If you have an issue with an organization: don’t be a part of it. If you have an issue with an issue: do everything you can to help resolve it. Helping can be donating, volunteering, teaching children compassion, or simply respecting another persons choice so long as that choice doesn’t harm another person. Criticizing is easy, but apparently helping is hard as it seems one sappy, commercialized, commodified video can’t even get us to stop and care about others pain instead of paying more attention to ourselves and our opinions.

Whether it’s Joseph Kony or bullying or spousal abuse or AIDS or homelessness or racism or anything else on the list of negative things that reach every corner of this earth. Whatever the negativity is, your issues should not be with how they are approached, but whether or not YOU are approaching them.

Be active. Be influential. Be positive. Be helpful. 

Filed under Kony 2012 Invisible Children activism progress positivity LRA AIDs AIDS bullying CNN tumblr compassion art videos media volunteering homelessness non-profit

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illylussiano asked: I'd like to take a moment and applaud you... I see your vision and I think is wonderful. I find this is an area I connect with many of my clients on and its a great feeling knowing others experience similar things being multiracial even if they are not spoken of often. Bless, illy

Thank you! I’ve been feeling guilty lately for paying less attention to Croc Chronicles, but I’m working on a project that has the same goal as my site. I’m glad you are having discussions with people about these things, exploring and enjoying differences in others and yourself. It makes me so happy to hear! Bravo <3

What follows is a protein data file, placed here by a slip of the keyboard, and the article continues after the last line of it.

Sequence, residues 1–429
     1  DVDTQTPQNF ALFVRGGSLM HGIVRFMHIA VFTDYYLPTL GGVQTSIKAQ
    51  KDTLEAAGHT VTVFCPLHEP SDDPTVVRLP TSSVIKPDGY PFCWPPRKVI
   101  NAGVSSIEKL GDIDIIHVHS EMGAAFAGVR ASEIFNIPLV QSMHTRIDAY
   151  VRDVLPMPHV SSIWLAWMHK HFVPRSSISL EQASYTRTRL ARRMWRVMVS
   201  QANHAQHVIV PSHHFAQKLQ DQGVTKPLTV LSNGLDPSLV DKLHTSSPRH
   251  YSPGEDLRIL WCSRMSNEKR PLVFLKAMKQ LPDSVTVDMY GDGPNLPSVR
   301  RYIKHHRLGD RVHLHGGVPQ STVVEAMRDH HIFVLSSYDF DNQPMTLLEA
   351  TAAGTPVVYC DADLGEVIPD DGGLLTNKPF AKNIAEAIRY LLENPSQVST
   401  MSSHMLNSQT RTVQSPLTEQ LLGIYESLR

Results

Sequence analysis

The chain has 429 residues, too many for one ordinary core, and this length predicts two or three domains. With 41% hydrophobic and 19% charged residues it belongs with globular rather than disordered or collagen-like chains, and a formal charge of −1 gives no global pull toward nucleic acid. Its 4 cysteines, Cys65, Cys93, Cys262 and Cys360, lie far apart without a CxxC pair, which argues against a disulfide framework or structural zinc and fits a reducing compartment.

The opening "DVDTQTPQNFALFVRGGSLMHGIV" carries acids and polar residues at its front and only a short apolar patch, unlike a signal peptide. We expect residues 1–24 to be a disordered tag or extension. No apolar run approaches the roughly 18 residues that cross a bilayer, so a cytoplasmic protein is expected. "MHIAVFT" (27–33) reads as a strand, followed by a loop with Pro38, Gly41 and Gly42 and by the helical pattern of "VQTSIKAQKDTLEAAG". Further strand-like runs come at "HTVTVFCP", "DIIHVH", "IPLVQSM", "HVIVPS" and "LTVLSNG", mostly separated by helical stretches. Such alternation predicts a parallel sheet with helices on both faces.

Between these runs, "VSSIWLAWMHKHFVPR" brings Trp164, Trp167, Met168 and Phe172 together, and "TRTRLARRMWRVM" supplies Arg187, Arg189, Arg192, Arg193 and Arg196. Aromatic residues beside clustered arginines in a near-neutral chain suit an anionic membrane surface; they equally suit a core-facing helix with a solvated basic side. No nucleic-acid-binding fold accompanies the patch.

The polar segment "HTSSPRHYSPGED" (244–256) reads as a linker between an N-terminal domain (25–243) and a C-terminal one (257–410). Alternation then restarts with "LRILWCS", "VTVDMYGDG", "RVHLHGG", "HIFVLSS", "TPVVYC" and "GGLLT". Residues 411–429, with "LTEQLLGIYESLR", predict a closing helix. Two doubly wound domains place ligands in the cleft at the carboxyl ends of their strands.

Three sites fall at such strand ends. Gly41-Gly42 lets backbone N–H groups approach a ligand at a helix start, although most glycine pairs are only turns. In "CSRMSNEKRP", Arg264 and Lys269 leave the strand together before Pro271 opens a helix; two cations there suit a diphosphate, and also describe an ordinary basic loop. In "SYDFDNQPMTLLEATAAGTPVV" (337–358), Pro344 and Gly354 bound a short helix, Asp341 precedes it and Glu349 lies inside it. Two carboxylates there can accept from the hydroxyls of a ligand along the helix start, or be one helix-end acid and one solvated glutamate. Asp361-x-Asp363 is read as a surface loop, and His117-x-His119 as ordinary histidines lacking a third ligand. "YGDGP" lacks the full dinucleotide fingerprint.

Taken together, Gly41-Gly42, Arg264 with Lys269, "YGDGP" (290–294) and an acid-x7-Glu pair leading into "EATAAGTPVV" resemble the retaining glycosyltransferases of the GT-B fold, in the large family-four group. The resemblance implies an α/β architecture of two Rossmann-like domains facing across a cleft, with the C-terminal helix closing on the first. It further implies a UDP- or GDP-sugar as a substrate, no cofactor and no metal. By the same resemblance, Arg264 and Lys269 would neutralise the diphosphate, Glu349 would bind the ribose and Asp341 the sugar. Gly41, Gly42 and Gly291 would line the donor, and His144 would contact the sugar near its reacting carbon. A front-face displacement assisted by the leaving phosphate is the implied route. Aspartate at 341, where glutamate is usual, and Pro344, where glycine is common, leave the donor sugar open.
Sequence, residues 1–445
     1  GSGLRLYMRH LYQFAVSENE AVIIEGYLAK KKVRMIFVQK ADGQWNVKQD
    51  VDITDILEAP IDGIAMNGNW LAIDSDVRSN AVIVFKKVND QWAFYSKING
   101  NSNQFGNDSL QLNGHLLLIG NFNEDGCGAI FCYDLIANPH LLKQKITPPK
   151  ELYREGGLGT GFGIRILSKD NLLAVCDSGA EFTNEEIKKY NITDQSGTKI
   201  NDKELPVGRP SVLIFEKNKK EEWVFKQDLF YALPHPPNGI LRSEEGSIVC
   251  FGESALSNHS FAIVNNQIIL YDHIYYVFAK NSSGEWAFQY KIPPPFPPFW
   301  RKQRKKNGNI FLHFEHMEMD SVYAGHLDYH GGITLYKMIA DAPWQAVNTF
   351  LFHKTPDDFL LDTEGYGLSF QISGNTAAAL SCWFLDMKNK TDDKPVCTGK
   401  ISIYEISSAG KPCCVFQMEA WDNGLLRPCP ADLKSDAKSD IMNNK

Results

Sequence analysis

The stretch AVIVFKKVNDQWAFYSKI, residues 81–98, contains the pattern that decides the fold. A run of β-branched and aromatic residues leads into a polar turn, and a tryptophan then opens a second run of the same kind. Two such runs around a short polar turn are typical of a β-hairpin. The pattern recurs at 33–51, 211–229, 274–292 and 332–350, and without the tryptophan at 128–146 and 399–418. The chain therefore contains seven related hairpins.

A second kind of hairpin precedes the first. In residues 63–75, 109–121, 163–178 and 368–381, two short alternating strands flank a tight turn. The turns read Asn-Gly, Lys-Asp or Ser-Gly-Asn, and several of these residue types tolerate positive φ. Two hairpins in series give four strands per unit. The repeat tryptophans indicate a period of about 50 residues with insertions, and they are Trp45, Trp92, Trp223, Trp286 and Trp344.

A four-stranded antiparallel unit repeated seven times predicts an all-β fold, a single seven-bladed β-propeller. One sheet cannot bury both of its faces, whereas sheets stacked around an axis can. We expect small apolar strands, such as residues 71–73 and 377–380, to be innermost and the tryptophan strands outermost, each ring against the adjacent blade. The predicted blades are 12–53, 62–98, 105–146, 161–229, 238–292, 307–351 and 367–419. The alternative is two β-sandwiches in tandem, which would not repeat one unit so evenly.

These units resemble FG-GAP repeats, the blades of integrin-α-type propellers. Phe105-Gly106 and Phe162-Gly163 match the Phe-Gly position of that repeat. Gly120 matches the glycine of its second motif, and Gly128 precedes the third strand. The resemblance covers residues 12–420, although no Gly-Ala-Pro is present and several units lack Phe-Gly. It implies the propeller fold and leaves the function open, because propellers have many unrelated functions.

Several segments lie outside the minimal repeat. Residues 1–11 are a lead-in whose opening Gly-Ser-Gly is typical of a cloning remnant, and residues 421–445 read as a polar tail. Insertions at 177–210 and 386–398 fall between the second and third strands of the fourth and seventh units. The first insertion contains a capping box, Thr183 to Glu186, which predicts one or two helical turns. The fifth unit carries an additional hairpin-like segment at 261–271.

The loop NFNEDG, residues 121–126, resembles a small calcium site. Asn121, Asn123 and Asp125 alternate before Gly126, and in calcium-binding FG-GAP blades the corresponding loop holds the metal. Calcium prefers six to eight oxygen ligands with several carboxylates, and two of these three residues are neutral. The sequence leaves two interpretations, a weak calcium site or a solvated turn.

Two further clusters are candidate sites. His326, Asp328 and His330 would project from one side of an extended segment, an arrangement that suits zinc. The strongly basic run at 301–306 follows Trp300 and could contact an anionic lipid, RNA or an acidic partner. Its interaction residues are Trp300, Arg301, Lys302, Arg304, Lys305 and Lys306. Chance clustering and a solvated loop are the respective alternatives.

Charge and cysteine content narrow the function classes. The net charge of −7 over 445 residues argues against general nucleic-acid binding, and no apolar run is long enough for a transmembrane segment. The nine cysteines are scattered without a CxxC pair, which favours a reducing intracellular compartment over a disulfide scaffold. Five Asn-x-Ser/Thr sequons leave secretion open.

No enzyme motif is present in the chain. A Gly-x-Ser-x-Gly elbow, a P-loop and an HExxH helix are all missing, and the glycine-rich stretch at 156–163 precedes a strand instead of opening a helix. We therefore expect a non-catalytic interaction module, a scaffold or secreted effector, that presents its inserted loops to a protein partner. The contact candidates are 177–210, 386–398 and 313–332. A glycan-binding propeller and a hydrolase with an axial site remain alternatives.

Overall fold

PS I see that you’re a hair stylist (ARTIST!) so if you ever come across any products for people with hair types that aren’t represented well in stores feel free to share <3croclove

9 notes

"I don’t do anything. I don’t comb, I don’t do anything," she says and moments later we hear another woman state:"It’s so much work to look this way. It is SO much work to look this way." Why is there such a divide over hair in African-American communities? One woman raises the issue, "If something is bad for a sewage system then you kind of have to wonder what it’s doing to your body." Watch the video and think about what message the media sends to African-American women and what African-American women think of themselves. There are no antagonistic views expressed by women here, only messages of love and commitment to the hairstyle of their choice, and yet the male commentators highlight a more diversive factor, their comments indicate there is a right and wrong way to do black hair. Thoughts?

Filed under natural hair diversity multicultural biracial good hair hair bad hair nappy hair african-american culture america